Reminiscence: Memories of the past | Sunday Observer

Reminiscence: Memories of the past

10 May, 2021

Susiman Nirmalavasan is an aspiring visual artist, born and bred in Batticaloa and his latest exhibition ‘Reminiscence’ is now open for the public at the Paradise Road Gallery. 

As a visual artist, Susiman is not confined to one medium to express his creativity, rather he works across a range of mediums; from oil and clay to dye on cloth and canvas. The materiality of his work functions as an aesthetic choice and is a reflection of a broader reality.

In a conversation with the writer, the artist, recalling the beginnings of his artistic journey,  admitted the fact that his selection of the most suitable medium for his artworks was not a pure artistic choice, but rather his choice was entangled with the socio-political condition of society he lived in.

“In the early days I used oil paints such as acrylic paint. When I went to Jaffna for my higher studies, the A9 was closed due to terrorism. Buying groceries was a challenge. Buying colour media in this situation was unthinkable. It was then that I began to think that medium should not restrict my artistic expression. Therefore, I started creating  artwork with the medium I could find in my environment,” he said.

Without easy access to conventional art material, Nirmalavasan found that the organic medium such as clay, gravel, sack, coak, ash, and tea dye were far more representative of his narrative.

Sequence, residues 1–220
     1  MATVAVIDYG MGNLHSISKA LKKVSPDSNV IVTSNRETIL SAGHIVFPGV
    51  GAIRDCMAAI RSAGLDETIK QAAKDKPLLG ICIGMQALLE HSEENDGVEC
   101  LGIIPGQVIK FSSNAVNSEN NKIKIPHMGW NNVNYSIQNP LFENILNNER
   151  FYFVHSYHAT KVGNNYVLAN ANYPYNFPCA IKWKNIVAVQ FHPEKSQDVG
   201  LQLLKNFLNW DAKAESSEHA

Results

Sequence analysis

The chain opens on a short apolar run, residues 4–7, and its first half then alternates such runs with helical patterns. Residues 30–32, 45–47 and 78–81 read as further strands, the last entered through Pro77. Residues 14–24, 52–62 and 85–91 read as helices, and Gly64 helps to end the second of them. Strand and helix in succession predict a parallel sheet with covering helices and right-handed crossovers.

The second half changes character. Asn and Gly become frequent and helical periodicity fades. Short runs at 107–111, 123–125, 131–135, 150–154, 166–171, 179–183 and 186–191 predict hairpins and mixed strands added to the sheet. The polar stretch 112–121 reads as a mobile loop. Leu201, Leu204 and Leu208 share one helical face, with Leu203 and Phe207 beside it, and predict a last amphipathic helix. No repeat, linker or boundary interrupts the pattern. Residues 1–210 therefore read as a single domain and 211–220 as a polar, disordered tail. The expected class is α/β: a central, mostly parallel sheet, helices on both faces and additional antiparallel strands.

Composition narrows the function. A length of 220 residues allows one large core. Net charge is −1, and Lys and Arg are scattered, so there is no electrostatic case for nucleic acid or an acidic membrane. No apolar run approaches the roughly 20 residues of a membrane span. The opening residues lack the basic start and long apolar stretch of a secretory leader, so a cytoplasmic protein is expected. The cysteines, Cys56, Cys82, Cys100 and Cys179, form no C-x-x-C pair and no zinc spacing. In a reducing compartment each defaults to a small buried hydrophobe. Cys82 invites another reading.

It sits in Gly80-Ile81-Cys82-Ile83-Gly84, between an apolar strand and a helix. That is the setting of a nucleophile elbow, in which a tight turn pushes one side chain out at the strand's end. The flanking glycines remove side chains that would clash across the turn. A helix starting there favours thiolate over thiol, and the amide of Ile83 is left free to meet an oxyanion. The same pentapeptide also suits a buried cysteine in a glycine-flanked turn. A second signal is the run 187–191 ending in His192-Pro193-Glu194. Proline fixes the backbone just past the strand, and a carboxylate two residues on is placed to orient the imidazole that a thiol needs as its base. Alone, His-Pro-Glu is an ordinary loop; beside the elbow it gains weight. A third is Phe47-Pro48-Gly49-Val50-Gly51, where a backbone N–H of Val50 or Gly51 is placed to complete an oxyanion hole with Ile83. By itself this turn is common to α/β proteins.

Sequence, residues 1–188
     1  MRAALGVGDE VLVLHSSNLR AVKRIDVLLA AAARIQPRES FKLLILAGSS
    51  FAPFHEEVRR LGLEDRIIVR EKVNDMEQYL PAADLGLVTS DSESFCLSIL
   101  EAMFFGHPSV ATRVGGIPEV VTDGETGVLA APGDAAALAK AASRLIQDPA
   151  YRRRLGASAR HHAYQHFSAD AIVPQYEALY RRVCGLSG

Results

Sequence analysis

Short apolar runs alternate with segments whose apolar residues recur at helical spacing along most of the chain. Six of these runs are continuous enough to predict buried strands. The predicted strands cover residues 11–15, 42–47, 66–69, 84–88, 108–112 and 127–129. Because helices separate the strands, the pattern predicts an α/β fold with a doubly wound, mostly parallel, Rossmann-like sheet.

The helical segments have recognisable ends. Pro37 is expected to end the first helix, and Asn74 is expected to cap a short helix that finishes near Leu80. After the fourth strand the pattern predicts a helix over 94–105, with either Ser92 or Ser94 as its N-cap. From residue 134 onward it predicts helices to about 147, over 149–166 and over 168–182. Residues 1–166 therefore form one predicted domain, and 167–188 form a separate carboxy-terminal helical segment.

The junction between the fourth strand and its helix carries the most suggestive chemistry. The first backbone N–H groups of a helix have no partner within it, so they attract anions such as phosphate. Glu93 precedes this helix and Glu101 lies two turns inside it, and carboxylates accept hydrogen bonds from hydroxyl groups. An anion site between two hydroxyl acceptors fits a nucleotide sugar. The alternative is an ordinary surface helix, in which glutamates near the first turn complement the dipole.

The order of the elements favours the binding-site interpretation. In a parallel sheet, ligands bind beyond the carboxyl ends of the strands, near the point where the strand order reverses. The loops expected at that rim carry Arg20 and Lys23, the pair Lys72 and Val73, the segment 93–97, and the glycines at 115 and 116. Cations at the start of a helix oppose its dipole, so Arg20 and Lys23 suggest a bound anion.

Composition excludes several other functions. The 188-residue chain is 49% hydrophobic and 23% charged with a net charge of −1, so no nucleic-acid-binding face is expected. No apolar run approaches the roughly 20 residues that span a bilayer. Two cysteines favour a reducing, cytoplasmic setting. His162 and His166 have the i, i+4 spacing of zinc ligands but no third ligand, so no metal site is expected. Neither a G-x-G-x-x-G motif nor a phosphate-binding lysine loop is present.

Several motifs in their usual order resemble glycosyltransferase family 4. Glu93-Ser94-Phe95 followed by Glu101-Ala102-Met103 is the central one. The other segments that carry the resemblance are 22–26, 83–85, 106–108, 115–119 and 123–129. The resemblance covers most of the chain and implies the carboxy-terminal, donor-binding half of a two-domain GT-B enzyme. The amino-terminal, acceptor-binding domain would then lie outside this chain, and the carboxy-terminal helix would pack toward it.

As a child, he began drawing and painting using charcoal, kurumpeddy (immature coconut fruits), and maampinchu (tender green mangoes). These early experiments have seeped into his current work. In his recent works he has used charcoal and dyes mostly as he discovered that the two mediums are the easiest options available for him. He loves the natural effect these two mediums bring to his creativity.

Invisible bridge

Speaking about his creative process, through his paintings, Nirmalavasan always tries to tell a story and painting is the invisible bridge between his imagination and his audience.

“I always look for opportunities to tell the stories that I love to share with others and painting is the best medium through which I can convey my stories easily and closely. Creating opportunities for the audience to participate in my artwork is a passion of mine,” he said. 

According to Nirmalavasan, the muse that ignites his creativity changes from time to time. However, his audience has always been his muse for creativity. Sometime ago his ultimate joy was to show his childhood paintings to his father, as his father was his muse for his childhood creativity.

However, it has changed with time and today he gets his inspiration from the audience that enjoy his artworks. “I have held many solo exhibitions and I have also participated in several group shows. The conversations that I have about my work with viewers, always inspire me for my next creation. The confidence they give me, inspires me to create the next work of art. Therefore, my audience is my muse,” Nirmalavasan said.